Please email your legislator today to pledge your support for HB 2191/SB 975, the Voluntary Solar Resource Fund Bill. If you’ve already reached out to them about this bill, please let them know how much you would appreciate their continued support.
To find your legislator and email him/her about this issue easily go to www.chesapeakeclimate.org and click on the blog posting on this Solar Bill
By STEVE SZKOTAK
In an era where new power plants cost billions and the huge components of offshore wind farms require an industrial base to manufacture, solar power proponent Kent Baake came to the Capitol on Thursday backing two low-key alternative energy bills.
One would create a state fund for homeowners to finance solar power installations. The other would loosen homeowner association covenants that restrict rooftop solar collection panels.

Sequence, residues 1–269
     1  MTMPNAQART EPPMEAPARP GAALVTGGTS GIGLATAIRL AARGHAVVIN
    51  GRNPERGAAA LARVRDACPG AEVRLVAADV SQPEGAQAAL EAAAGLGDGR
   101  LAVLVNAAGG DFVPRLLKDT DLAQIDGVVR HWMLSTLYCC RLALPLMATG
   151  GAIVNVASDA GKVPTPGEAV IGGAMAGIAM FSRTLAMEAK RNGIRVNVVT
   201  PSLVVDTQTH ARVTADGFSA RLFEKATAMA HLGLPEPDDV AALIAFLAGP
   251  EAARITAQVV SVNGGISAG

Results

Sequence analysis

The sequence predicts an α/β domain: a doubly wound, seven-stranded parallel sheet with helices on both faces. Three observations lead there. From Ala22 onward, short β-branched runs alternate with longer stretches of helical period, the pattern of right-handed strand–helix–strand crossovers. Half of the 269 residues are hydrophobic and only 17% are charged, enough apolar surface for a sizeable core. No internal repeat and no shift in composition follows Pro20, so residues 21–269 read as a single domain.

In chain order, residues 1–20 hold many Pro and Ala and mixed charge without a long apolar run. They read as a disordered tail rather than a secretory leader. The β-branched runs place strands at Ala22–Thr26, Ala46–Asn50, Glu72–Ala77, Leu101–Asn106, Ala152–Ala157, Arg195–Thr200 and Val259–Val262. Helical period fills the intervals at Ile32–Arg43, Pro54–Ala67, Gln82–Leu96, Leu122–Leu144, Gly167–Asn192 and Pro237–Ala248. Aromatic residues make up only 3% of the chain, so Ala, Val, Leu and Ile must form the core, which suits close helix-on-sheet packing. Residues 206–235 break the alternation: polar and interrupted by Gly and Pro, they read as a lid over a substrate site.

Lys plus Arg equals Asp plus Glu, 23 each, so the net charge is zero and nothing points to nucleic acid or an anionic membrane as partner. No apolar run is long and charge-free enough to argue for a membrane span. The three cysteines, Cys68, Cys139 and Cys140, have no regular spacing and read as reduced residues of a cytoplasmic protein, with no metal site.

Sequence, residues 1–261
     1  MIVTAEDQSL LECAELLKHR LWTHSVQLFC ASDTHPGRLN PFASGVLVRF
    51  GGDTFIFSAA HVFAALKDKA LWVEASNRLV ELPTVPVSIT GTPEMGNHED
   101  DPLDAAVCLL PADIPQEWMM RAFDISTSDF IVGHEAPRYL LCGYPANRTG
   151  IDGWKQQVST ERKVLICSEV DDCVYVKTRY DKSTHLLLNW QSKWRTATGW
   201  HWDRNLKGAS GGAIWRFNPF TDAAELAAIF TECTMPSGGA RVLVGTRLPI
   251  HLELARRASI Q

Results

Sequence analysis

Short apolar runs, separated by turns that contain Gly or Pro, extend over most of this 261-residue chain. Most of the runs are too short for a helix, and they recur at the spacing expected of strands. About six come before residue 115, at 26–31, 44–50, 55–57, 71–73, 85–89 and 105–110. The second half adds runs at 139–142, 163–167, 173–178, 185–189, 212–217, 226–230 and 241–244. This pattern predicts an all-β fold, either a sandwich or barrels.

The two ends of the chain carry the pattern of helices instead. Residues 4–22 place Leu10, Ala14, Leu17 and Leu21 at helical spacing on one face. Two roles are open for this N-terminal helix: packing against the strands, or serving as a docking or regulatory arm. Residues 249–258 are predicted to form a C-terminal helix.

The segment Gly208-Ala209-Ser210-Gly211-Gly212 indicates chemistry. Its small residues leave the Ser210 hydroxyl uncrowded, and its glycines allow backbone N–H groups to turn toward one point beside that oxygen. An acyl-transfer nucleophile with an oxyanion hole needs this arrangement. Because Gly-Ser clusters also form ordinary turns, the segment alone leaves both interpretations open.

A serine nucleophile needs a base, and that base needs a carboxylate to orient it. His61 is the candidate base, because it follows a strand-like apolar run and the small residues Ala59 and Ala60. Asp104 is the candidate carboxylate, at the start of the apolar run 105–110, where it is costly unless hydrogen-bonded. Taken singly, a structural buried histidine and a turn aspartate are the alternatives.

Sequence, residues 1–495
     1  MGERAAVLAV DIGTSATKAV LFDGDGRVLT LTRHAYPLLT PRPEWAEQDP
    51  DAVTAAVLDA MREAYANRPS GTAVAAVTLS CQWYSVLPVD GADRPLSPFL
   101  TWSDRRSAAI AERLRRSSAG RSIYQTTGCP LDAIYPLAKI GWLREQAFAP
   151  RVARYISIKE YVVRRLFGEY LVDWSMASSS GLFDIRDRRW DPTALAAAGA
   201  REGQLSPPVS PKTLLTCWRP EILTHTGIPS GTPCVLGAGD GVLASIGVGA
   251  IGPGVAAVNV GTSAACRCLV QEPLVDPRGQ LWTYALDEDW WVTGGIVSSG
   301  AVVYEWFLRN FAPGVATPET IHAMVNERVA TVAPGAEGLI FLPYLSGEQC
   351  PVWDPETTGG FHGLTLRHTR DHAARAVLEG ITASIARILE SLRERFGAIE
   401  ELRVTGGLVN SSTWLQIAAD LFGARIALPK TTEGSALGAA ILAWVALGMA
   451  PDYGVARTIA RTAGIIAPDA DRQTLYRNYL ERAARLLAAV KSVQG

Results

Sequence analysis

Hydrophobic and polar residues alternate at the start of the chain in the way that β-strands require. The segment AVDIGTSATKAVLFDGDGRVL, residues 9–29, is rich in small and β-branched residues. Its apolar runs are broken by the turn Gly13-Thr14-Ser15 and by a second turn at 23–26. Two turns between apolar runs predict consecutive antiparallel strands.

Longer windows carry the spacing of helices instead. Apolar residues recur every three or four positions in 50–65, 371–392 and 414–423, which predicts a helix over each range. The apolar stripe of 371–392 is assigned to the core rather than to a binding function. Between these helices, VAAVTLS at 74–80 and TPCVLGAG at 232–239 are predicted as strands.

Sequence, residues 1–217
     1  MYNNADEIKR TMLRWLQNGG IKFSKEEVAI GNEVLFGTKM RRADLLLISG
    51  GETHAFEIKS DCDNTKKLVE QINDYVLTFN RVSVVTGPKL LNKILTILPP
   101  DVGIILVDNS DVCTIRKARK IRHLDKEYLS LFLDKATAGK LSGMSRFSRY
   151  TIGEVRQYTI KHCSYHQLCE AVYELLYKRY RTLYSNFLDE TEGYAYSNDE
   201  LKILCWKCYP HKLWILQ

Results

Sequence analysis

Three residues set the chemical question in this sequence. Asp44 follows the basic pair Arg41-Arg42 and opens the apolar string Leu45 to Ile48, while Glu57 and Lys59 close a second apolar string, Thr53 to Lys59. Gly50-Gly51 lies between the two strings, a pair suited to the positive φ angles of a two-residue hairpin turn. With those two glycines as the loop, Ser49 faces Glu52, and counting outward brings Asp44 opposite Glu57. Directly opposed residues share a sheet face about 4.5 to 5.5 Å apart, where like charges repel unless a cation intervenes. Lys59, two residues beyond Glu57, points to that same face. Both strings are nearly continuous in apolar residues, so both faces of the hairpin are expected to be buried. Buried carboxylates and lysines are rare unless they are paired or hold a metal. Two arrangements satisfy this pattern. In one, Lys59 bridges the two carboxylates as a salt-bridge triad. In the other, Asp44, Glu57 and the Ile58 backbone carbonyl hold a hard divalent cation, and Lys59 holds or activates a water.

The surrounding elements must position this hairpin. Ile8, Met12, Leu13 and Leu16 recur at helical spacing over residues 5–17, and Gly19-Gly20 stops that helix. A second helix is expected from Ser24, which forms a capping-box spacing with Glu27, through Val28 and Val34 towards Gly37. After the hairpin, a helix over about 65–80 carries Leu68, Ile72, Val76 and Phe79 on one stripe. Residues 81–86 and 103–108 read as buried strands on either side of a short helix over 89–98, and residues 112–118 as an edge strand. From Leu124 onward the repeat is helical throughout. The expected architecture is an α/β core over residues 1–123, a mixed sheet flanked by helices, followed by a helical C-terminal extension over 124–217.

Baake said the bills’ passage would encourage more residents to try solar, and enrich the state’s economy.
“This renewable energy stuff creates jobs,” Baake said during a one-day drive by dozens of alternative energy proponents to win the support of legislators. “There are success stories out there.”
His company, Continuum Energy Solutions of Alexandria, has seen its small work force multiply by 500 percent in the past year designing and installing solar technology and other energy efficiencies. Continuum employs 25.
Baake was among the more than 40 proponents of solar, wind and biomass energy who met with legislators in what was billed the first renewable energy lobbying day at the legislature.